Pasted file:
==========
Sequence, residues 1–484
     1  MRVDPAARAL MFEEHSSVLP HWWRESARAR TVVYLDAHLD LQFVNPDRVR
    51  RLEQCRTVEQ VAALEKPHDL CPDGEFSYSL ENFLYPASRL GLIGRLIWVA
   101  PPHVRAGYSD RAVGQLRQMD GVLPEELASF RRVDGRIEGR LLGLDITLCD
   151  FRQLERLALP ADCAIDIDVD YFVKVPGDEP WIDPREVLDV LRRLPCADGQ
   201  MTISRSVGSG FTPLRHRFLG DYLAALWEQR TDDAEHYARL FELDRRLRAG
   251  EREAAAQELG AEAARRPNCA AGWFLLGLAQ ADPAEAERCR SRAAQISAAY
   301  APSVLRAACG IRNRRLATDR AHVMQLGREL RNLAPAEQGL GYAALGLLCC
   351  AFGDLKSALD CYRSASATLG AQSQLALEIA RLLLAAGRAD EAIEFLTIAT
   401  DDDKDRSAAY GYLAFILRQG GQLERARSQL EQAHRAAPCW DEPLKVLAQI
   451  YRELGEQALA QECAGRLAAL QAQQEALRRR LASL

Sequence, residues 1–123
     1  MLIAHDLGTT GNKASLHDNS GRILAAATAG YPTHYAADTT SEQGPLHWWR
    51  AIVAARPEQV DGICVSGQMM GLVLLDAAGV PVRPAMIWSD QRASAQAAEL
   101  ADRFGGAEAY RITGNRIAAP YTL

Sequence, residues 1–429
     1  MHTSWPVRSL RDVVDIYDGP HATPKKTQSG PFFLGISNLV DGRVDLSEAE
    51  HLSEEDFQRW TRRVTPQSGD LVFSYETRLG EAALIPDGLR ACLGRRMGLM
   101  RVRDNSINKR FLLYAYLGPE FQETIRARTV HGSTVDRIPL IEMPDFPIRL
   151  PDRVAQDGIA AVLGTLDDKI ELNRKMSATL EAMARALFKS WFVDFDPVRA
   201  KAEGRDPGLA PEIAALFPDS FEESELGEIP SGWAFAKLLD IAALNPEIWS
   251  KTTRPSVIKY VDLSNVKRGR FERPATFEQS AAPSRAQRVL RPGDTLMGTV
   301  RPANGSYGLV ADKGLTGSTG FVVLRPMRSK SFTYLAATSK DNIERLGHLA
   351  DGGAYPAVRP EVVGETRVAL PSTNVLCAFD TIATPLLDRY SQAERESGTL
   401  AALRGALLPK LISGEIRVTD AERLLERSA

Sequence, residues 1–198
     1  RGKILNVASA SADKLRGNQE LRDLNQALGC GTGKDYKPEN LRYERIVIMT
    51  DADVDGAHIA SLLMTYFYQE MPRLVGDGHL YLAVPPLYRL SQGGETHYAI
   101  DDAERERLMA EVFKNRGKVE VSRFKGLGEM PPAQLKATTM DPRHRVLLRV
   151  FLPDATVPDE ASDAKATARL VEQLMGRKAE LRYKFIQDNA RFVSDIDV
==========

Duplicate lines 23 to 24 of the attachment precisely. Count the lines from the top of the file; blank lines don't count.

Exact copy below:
   301  RPANGSYGLV ADKGLTGSTG FVVLRPMRSK SFTYLAATSK DNIERLGHLA
   351  DGGAYPAVRP EVVGETRVAL PSTNVLCAFD TIATPLLDRY SQAERESGTL